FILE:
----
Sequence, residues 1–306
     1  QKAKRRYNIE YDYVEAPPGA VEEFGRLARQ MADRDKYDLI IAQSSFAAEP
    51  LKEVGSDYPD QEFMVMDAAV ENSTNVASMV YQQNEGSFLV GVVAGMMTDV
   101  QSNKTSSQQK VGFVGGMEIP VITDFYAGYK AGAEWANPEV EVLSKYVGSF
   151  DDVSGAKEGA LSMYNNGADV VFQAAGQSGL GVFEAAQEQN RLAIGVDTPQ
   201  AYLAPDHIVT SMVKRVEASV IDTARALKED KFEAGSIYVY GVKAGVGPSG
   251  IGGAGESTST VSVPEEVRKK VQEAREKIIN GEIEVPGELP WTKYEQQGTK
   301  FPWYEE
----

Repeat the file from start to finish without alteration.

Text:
Sequence, residues 1–306
     1  QKAKRRYNIE YDYVEAPPGA VEEFGRLARQ MADRDKYDLI IAQSSFAAEP
    51  LKEVGSDYPD QEFMVMDAAV ENSTNVASMV YQQNEGSFLV GVVAGMMTDV
   101  QSNKTSSQQK VGFVGGMEIP VITDFYAGYK AGAEWANPEV EVLSKYVGSF
   151  DDVSGAKEGA LSMYNNGADV VFQAAGQSGL GVFEAAQEQN RLAIGVDTPQ
   201  AYLAPDHIVT SMVKRVEASV IDTARALKED KFEAGSIYVY GVKAGVGPSG
   251  IGGAGESTST VSVPEEVRKK VQEAREKIIN GEIEVPGELP WTKYEQQGTK
   301  FPWYEE